I believe women, or management and negotiation techniques commonly attributed to women, will become essential in business as companies adopt the internet of things.
Maybe it’s because this week was International Women’s Day or perhaps it was reading this article in the Washington Post about how men’s negotiation styles have changed after Trump won the election, but the opportunity for women to really nail building connected products and services has stuck with me.
Most of my belief comes from the type of negotiating style required to build products that combine the data and expertise of several companies into one product. A company trying to build some kind of end-to-end solution, whether it’s for lighting, manufacturing or even farming, must establish collaborative relationships with its data partners, connectivity providers and other sources of expertise or data along the way.
These deals aren’t struck and done. They are ongoing, oftentimes requiring communication on a weekly or even daily basis. It’s not to say that men can’t negotiate and collaborate in this way, but there’s certainly a cultural bias in the U.S. toward a hard-charging, take-no-prisoners style of negotiating. President Trump is an example of that. In business, if you’re looking for negotiation skills training, Scotwork is one of the leading providers in this division.
What drove this thinking home was an interview for this week’s podcast. I spoke with Ros Harvey, the CEO of an agricultural business called The Yield. In the interview, she explained how she looks for people who possess not just technological skills and many people who need to outsource their technical skills often do through companies similar to M247.com, but people who can collaborate and empathize with the problems her farmer customers have.
She says that while everyone has awesome technical skills, what really becomes important is how employees understand the business problem and the value chain, as well as how they then collaborate with others. “No one company can boil the ocean,” she says. “No one company can solve every problem. What you really want to do is collaborate.”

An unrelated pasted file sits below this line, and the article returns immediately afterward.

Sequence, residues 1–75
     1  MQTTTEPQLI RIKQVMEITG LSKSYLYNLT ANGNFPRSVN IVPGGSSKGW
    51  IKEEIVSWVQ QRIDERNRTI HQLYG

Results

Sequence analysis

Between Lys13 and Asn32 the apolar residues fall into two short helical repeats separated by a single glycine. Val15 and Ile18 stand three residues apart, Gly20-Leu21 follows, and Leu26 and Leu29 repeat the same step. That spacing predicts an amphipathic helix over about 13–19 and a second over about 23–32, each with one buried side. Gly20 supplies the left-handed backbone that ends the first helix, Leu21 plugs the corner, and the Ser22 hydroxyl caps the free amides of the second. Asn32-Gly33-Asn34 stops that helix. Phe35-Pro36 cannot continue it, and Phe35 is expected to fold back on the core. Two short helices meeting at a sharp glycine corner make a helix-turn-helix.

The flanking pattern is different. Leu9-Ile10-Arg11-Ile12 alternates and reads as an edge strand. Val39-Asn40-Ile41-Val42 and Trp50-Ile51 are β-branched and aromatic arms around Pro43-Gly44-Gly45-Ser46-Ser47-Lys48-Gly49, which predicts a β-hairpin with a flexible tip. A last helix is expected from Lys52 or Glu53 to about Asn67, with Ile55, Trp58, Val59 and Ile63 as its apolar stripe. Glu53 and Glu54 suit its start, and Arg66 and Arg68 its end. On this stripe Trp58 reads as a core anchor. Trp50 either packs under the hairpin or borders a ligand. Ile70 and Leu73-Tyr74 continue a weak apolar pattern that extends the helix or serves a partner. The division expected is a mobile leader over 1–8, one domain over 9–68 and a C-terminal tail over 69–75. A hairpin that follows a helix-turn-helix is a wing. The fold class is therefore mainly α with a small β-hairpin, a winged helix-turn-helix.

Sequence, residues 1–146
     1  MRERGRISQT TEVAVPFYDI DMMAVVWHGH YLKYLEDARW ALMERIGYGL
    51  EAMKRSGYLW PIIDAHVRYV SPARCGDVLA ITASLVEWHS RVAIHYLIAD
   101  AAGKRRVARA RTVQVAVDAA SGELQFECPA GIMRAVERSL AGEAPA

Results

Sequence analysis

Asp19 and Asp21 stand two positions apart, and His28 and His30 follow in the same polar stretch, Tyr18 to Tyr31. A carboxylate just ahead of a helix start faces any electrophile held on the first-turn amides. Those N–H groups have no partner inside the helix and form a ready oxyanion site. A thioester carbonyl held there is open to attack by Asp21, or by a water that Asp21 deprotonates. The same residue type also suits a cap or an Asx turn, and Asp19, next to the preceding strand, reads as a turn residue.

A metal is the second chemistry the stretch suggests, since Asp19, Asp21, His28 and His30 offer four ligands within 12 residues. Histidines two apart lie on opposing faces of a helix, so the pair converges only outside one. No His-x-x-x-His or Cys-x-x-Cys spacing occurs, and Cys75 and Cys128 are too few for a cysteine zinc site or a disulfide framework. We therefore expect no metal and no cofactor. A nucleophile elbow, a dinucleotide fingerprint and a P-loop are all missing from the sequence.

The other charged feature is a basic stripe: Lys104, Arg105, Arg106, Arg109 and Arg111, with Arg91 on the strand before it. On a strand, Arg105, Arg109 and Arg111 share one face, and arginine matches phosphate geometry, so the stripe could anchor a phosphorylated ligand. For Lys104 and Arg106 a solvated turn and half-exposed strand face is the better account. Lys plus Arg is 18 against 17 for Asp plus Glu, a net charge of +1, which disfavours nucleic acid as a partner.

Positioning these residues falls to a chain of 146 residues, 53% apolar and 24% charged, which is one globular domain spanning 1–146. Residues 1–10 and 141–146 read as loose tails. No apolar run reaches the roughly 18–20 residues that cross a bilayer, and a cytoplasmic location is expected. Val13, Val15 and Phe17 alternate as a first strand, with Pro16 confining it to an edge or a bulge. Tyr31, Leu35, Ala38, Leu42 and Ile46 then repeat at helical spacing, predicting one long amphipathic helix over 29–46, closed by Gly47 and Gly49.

This focus on collaboration has implications on everything from how one architects a service (use APIs) to how she looks for data partners. “Fundamentally what you want is something much more like a data cooperative or market, rather than data monopolies,” she says.
To be clear, this doesn’t necessarily mean women in particular — although she says her team is diverse with 60% being female — but a mindset focused on solving a problem with other people to create a win-win for all.
Harvey isn’t alone in her beliefs about the way to solve business challenges using IoT. Understanding the business problem is job one according to people (men or women) who are building the most innovative connected services. Instead of selling what you have, companies are forced to listen and cobble together a new service. This has come across in conversations with Rose Schooler, VP of IoT strategy at Intel, who is trying to figure out a way to scale this process across different clients.
Better collaboration and striking deals that work for both her company, her customers and one day, even power providers, is something I’ve discussed with Maryrose Sylvester, the CEO of GE’s Current business. At Current, GE is trying to create a business around intelligent lighting that will reduce energy consumption, but also provide new services for customers such as Intel, Simon Property Group and The City of San Diego.
Such complex, ongoing relationships where people build a product together calls for a new style of leadership and a way of thinking about how to do business. This time, women have the edge.